I first came across Matt Haig through his book: Reasons to stay alive. The book provides a insight into Haig’s journey with depression and anxiety which he suffered between the ages of 24 and 32. Reasons… is not really a self-help book but more an intensely individual, creative response to a period of profound crisis.
How to Stop Time is completely different yet equally fascinating.
The first thing we discover about Tom Hazard, the protagonist of Matt Haig’s new novel, “How to Stop Time,” is that he is very, very old. He is old, he tells us, “in the way that a tree, or a quahog clam, or a Renaissance painting is old.” Born in France in 1581, he is fast approaching his 440th birthday. However you wouldn’t know this just by his appearance. Tom has a rare but not unique condition called anageria. Meaning tom ages at a rate of roughly one year for every 15 ordinary human years. Although Tom lives life at the same pace as everyone else it would seem that “only a decade passes between the death of Napoleon and the first man on the moon.” Immune to almost all human diseases, and avoiding a violent death Tom can expect to live to be 950. With 4 centuries of life under his belt, he is only just approaching middle age. And like many middle-aged men, he appears to be suffering something of a midlife crisis.
This is not a new idea however, in recent years Audrey Niffenegger’s “The Time Traveler’s Wife” and Kate Atkinson’s “Life After Life” have both cleverly played with the idea of lives and relationships outside of ordinary human time.
Unlike Niffenegger and Atkinson and Haig’s other popular novel ‘The humans’, ‘How to stop time’ is melancholic and almost saddening.
For Tom longevity is a curse, leading to loneliness at a young age. His unchanging appearance arouses suspicion and hostility within each community he lives. His mother is condemned as a witch and accusations dog his beloved wife Rose and his daughter Marion, who was born with the same condition. Tom knows he must leave them for their safety and his own sanity. In the 400 years since Rose’s death he has drifted around the world, unwilling to settle and unable to achieve sustainable happiness. His only driving motive to live, is the chance to reunite with Marion. When he is approached by the Albatross society, lead by hedonistic Hendrich Pietersen who claims the ‘Mayflies’ (short lived creatures: ordinary humans) armed with superstition and science are out to harm the ‘Albas’ (the Albatrosses, a long lived bird: Tom and others). Tom hopes Hendrich, the mastermind will be able to help track her down.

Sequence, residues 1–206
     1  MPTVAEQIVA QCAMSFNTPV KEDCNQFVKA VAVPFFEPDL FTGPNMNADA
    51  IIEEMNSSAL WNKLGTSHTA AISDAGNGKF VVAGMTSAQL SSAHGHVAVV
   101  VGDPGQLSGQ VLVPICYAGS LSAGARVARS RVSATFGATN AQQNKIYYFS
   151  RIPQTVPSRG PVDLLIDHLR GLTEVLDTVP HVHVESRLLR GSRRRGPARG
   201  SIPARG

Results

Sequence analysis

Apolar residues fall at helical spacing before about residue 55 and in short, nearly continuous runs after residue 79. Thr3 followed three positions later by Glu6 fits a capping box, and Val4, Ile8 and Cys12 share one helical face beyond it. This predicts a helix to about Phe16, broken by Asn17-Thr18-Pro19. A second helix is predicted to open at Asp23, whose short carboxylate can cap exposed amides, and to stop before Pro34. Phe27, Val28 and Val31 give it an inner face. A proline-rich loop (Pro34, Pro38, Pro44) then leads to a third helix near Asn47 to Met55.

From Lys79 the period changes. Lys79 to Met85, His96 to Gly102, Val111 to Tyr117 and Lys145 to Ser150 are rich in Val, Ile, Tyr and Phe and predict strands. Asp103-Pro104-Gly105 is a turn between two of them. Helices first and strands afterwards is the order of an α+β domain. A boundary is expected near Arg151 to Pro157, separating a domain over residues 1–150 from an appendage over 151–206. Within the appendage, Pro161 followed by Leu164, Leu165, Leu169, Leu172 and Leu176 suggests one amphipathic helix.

The resulting novel, is part love story, part thriller, although not quite enough of either.
Almost 450 years is a lot to squeeze into 325 pages, and Haig takes the reader on a pit stop tour of some of the highlights of Tom’s life, including Shakespeare, Captain Cook and Zedla Fitzgerald. The novel flits between his past life and modern day life in London where Tom is ironically a history teacher. With the book split into 5 parts, the novel is a journey through time from past-present-future from 3 different generations. The present day introduces another love interest at Tom’s high school and Haig’s observant eye on contemporary life remains. “There is only the present. Just as every object on earth contains similar and interchanging atoms, so every fragment of time contains aspects of every other.”
Tom’s dialogue dominates the majority of the novel and despite half a millennium of wisdom, his daughter Marion provides the majority of the true wisdom, quoting Montaigne. ‘She nodded slowly, as if Montaigne himself was also in the room. “He who fears he shall suffer, already suffers what he fears” ‘. The romance found within the novel comes in many different forms. Father and daughter love, romantic love and self love all combine to form a key underlying theme within the novel.
I would have liked a more in-depth progression and description into the Albatross Society, establishing Hendrich’s and Agnes’s characters as more than plot devices, and really gets into the nuts and bolts of how these Albatrosses can stand being uprooted every eight years for brand-new lives, all in the name of survival. The potential for social media and ever-present state surveillance to completely destroy the Albatross Society by unraveling the members’ alibis is only hinted at when Tom starts to use Facebook. But would provide an interesting and relevant touch to the novel.
How to Stop Time is a bighearted, wildly original novel about losing and finding yourself, the inevitability of change, and how with enough time to learn, we just might find happiness and love.